Job market paper
In the US, about 60% of non-elderly workers are insured through employer-sponsored health insurance (ESHI). This paper studies how non-elderly workers manage various forms of insurance to cope with medical expenditure shocks and how their coping strategies affect job search decisions. Specifically, I examine the role of self-insurance through saving/borrowing and delaying medical bill payments. To that end, I develop and estimate a job search model in which individuals can insure themselves against medical expenditure shocks in three ways: (1) by enrolling in ESHI, (2) by saving and borrowing, and (3) by accumulating medical debt and repaying them over time. The findings highlight that the valuation of ESHI varies depending on an individual's net liquid assets and medical debt, especially among uninsured workers. Consequently, uninsured workers with a higher valuation of ESHI accept a job providing ESHI at lower wages and transition to a job with ESHI more frequently.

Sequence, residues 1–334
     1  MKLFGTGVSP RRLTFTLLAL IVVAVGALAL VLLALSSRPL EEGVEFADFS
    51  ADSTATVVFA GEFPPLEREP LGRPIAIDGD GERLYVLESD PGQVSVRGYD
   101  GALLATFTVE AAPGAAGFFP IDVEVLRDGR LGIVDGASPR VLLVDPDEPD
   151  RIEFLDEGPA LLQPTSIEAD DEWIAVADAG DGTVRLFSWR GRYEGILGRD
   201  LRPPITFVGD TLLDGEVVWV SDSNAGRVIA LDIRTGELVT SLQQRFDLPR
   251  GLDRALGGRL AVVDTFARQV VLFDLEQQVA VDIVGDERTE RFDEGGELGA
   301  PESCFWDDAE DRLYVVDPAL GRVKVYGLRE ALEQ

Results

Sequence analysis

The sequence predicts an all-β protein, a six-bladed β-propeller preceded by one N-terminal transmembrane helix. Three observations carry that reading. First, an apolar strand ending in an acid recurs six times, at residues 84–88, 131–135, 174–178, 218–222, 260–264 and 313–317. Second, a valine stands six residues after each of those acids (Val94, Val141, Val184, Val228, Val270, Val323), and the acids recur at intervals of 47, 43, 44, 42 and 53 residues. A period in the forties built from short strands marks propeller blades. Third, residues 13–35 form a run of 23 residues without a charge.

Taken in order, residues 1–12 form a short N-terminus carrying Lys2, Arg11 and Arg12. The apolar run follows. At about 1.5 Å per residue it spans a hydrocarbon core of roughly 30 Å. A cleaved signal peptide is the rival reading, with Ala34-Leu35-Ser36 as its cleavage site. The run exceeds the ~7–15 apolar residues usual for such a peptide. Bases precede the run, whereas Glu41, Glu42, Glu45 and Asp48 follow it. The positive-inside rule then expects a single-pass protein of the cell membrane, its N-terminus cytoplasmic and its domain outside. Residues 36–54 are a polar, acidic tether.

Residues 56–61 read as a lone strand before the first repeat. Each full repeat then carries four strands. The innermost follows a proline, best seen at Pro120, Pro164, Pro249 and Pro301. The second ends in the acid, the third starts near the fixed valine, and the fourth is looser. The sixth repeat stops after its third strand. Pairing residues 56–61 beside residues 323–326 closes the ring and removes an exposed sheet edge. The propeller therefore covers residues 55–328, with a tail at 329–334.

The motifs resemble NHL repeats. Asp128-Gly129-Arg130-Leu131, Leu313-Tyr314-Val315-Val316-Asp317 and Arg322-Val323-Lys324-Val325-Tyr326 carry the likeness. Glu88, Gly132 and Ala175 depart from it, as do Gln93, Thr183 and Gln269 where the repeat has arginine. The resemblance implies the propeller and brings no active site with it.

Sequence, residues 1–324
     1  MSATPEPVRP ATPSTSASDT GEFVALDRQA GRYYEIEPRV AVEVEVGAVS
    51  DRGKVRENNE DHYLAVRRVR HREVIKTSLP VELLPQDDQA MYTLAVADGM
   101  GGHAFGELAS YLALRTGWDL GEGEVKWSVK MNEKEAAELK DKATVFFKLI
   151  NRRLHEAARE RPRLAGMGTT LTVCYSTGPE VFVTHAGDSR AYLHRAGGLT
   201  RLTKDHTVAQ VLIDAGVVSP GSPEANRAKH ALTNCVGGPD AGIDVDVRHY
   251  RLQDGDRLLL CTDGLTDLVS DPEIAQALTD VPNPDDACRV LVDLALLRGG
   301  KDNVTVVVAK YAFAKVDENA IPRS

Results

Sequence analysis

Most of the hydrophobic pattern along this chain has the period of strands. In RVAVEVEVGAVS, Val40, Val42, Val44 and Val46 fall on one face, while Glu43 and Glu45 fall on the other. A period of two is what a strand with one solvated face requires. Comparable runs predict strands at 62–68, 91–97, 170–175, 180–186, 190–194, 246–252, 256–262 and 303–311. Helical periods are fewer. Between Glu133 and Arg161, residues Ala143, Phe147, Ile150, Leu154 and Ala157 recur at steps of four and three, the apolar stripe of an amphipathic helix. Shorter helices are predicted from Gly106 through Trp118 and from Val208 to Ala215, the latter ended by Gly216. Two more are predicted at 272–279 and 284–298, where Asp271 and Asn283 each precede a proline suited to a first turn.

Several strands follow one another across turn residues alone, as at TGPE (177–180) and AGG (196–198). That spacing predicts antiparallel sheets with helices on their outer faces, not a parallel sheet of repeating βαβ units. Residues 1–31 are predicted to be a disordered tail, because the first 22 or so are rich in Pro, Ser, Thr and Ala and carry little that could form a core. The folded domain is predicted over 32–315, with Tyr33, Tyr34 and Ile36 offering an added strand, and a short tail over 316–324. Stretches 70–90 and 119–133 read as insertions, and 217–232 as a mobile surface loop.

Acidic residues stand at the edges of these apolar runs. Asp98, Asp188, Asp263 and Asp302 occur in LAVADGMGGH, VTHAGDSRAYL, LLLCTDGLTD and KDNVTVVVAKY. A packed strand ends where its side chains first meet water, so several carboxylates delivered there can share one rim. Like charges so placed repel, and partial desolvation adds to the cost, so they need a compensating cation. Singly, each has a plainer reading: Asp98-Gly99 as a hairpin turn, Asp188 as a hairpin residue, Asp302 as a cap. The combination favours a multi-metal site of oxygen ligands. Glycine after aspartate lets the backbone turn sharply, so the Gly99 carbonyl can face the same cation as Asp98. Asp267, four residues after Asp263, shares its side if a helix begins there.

FieldsLabor economics, Health economics, Applied microeconomics
Shrinking Populations, Aging, and Access to Healthcare: Evidence from Japan
Medical Debt and Future Access to Quality Health Care